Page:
Influences - Jim James

Jim James Change Begins Within interview, 2009

The Muppets
In a 2005 interview with The Georgia Straight Jim James talks about his first musical experience.
"People ask me what my first musical experience was, and it's what I heard on The Muppet Show. I like the way that show appealed to both older people and younger kids. That's kind of where I wanna shoot with My Morning Jacket-to create something that people of all ages can really enjoy."
- Jim James
(The Georgia Straight interview, November 2005)

In a 2008 interview with The New York Times, James also lists Kermit the Frog as a vocal influence
“I remember hearing Kermit sing and then finding out that that was actually a real person singing,” he said, “That kind of blew my mind. I was like, ‘Whoa, that’s actually a real dude.’ ”
- Jim James
(The New York Times interview, June 2008)

Everybody Loves a Winner - William Bell (Spin interview)
Lam Sarawan - Ubon Pattana (Spin interview)
Like a Ship (Without a Sail) - Pastor T.L. Barrett and the Youth for Christ Choir (Spin interview)
Silent Running (On Dangerous Ground) - Mike + The Mechanics (Spin interview)
Together Forever -Syl Johnson (Spin interview)

Real persons
Erykah Bady, Jimmy Rodgers and Outkast
In a 2001 questionnaire with Exclaim! James cited Bag Lady by Erykah Badu, Jimmy Rodgers the Singing Cowboy and Outkast as his current fixations.

In a 2004 interview with JamBase it is revealed that James is a fan of Outkast, according to the interview he even compares their new album Speakerboxxx/The Love Below to the greatest Prince records.
"The last month or so I've been hitting Outkast really heavily. It's insane! In our modern world everything has gotten so stale. Everything's so cut and dried. There's no mystery, there's no wonder, there's no experimenting with sound anymore. There's no sense of people trying to do stuff that's (expressly) fucked up. I really admire those guys because that market (rap and R&B) has gotten to be all about money and all about your image and there's no substance. I feel like Andre and Big Boi have torn off the roof and thrown it away. They bring in the old school influences while still keeping their futuristic thing, too."
- Jim James
(JamBase interview, January 2004)

Tribe, NWA, Dr. Dre, Ice Cube, Young MC, Wilco and The Genitorturers
In a 2002 interview with Pitchfork James lists a few more artists he enjoys.

"I really really enjoy some old school rap and hip-hop, the likes of Tribe, NWA, Chronic-1-era Dre, The Predator by Cube, and Young MC, to name a few. With rap I'm mainly a singles man. I'm never really a fan of just a group, but rather a bunch of songs from an era. (...) Yankee is a great album, indeed, though when I'm in the mood for Wilco I always return to Being There. That is a classic fucking album. Timeless. Foxtrot is a little too modern for me, but it is great. The Genitorturers can do no wrong in my book."
- Jim James
(Pitchfork interview, August 2002)

James Brown
In the 2004 January-February issue of CMJ Jim James was asked when and where he was most knocked on his ass by a live rock band, and answered that it was a show with James Brown at the Louisville Waterfront in 1996.
"This was the most amazing concert I have ever witnessed with thine eyes. It hit me on so many levels. The music was great, we were all shaking our asses to "Sex Machine" and crying our eyes out to "Try Me" and "It's A Man's World". I had called in sick to work to go to the concert and I got filmed breakdancing on the news, my boss saw it and I was fired. The most amazing thing though, was the people: young, white people dancing with old African-American folks, Asians and Puerto Ricans. No age, race or creed was excluded from the funk. For that one moment in time, everything and everybody got along just fine."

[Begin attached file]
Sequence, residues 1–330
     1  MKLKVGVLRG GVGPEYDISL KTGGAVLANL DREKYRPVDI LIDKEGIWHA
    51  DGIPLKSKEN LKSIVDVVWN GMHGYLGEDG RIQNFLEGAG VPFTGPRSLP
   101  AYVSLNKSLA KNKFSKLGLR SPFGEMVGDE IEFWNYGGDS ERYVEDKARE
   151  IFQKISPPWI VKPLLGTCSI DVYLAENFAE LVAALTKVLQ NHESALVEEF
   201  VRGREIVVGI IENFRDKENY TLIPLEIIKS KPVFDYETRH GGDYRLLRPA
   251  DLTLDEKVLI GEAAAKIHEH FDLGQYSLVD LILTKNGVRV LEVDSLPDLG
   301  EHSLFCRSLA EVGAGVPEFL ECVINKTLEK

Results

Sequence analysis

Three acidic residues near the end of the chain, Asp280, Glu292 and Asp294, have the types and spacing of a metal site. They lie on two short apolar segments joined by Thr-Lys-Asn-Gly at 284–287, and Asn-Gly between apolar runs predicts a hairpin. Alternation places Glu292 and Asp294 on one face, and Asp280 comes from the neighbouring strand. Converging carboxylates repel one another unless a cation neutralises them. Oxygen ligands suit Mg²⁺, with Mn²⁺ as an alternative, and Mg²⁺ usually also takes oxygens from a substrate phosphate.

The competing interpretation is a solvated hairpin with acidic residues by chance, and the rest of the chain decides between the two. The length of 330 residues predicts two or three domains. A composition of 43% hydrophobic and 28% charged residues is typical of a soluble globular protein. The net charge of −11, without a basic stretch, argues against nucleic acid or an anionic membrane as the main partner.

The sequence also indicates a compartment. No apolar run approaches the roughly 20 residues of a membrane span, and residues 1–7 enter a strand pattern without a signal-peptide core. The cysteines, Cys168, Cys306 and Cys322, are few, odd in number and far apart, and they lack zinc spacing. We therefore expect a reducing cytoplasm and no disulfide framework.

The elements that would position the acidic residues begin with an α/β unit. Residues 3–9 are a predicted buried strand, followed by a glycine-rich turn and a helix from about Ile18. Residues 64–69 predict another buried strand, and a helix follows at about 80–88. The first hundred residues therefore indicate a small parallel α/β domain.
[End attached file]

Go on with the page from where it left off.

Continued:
- Jim James
(CMJ January-February 2004)

Kurt Cobain and Nirvana
In a 2004 interview with The Independent James mentions Kurt Cobain and Nirvana as a influence, in the interview it's stated that if it weren't for Kurt Cobain James might never have picked up a guitar at all.
"Nirvana proved you could just be some guy in a T-shirt and your music could mean something to everybody. They didn't care who laughed at them or thought they were cool or uncool. They weren't doing anything because they wanted to be popular - what they were doing was honest, brutally honest."
- Jim James
(The Independent interview, February 2004)

Richard Manuel, Roy Orbison, Ray Charles, Sam Cooke, Bob Dylan and Neil Young
In a 2008 interview with The New York Times James lists the following persons as influences; Richard Manuel from the Band, Roy Orbison, Ray Charles, Sam Cooke, Mr. Dylan and Mr. Young.
"When you hear Neil Young, or Roy Orbison, or Etta James, you can hear how they've been trampled on and ruined. You can't help but feel what they've been through. That's different from today. Most people making music today are actors. And you can always tell when somebody's acting."
- Jim James
(Inquirer interview, September 2003)

Stevie Wonder, Beatles, Bill Withers and R&B
In an 2008 interview James explains how he was awed by the R&B records his parents would play when he was growing up.
"You listen to Stevie Wonder’s records and there’s Beatles production techniques and acoustic guitars, and you listen to Bill Withers, and it’s a folk record mixed with a soul record. Back then, rock and R&B were more mixed than they are now, and we’re really inspired by that."
Jim James
(Dallas News, August 2008)

No comments:

Post a Comment